Essay Competition


PSA Women and Politics Specialist Group



 The PSA Women and Politics Specialist Group is delighted to announce our 2018 undergraduate essay competition winners:

First Prize – ‘Discuss the relationship between the body and the state: Exploring the state’s use of biopower in the USA during the HIV/AIDS outbreak’, Natasha Jokic, University of Bath

Natasha is a Politics with Economics graduate and will be going on to do a masters in digital journalism at New York University. She wrote the essay after reading the play Angels In America by Tony Kushner.

Second Prize – ‘May the best (wo)man win’? Assessing the effect of political competition on the nomination of female aspirants in Germany’s first electoral tier’, Cecilia Tenge-Rietberg, University of Durham

After graduating in PPE at Durham (w. First-class honours) Cecilia is taking one or two years off from studying in order to gain some practical work and life experience in the field of politics. She is hoping to work in the political sector but throughout this academic ‘break’, will continue to do quantitative research as a co-author with professors she worked with at Durham. Following this time-off, she plans on doing a Masters or PhD in the UK/US, hopefully in the field of public policy.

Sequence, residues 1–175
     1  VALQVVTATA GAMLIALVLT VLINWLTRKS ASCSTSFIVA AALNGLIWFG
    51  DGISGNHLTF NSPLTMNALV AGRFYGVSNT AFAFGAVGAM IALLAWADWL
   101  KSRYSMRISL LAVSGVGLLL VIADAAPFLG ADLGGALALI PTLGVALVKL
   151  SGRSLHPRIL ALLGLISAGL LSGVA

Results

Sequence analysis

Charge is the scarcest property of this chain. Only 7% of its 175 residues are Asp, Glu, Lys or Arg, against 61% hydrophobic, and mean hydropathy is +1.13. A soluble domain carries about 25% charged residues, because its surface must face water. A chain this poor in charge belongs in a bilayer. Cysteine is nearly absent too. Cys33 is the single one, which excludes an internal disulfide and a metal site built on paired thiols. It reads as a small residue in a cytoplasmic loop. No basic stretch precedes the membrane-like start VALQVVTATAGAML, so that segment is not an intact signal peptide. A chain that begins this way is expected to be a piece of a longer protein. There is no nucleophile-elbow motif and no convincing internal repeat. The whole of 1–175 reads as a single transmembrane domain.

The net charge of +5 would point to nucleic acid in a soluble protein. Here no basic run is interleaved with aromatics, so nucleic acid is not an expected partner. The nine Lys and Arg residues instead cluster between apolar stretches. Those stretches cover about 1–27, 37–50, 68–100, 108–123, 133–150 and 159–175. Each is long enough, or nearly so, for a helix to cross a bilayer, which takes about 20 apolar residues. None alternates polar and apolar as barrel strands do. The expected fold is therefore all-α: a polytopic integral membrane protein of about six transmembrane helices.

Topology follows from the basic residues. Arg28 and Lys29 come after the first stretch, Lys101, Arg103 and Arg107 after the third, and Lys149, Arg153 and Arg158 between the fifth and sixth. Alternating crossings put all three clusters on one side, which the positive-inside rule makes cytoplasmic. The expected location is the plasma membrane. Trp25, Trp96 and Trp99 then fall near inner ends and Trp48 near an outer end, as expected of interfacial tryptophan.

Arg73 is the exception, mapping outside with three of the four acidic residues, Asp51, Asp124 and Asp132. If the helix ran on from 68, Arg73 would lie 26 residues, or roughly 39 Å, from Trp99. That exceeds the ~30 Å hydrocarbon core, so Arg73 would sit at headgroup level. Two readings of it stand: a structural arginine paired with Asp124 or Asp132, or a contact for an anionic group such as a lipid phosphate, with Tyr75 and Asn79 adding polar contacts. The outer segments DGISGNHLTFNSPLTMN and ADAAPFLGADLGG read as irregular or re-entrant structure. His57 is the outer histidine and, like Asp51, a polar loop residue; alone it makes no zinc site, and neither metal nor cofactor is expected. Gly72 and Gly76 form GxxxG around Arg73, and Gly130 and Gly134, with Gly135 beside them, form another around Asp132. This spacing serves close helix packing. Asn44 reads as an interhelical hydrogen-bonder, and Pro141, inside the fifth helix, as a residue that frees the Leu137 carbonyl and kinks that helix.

Congratulations to our winners!



2016 winners:

First Prize – Sebastian Wigdell Bowcott (University of Leeds) ‘Critically assess the implications of postcolonial theory for our understanding of contemporary feminist politics’

Second Prize – Pablo Perez Ruiz (University of Edinburgh) ‘Is globalisation good for women?’

2015 winners:

First Prize – Letty Davis (SOAS) ‘Pinkwashing and Homonationalism: Gender, Sexuality, and Power in Israel’

Second Prize – Natalie Lovell (University of Leeds) ‘Critically examine the importance of ‘intersectionality’ for feminist political theory and activism’

2014 winners:

1st Prize: Ellen Friend (University of Bristol) ‘Hunting Witches: Media Representations of “Non-Compliant” Woman MPs’

2nd Prize: Rhian Williams (University of Leeds) ‘To what extent is Butler’s account of gender performativity helpful for understanding contemporary feminist politics?’

2013 winners: 

1st prize: Jessica Firth (University of Edinburgh) Does the Rise of the Global Sex Industry Represent Progress or Failure for Feminism?

2nd prize: Daniela Filipa Martins Cabral (Queen Mary, University of London) Can women ever benefit from emphasising their difference to men?

2012 winners:

1st: Rebecca Tildesley (University of Bristol) To what extent does Prime Minister’s Questions marginalise women because of its highly masculinised form?

2nd: Emily Hazell (UWE) Is feminism a comprehensive ideology

2010 winner: Alexandra Hurcikova (University of Edinburgh)

2009 winner: Peter Allen (Queen Mary, University of London)

2008 winners: Naomi Ralph (University of Edinburgh), Sara Ansari (Queen Mary, University of London), Peg Murray Evans (University of Sheffield)

2007 winner: Charlotte Coles (University of Edinburgh)

2006 winner: Catherine MacDonald (University of Edinburgh)

2005 winner: Lorna Robbins (University of Bristol)

2004 winner: Christina Eason (University of Manchester)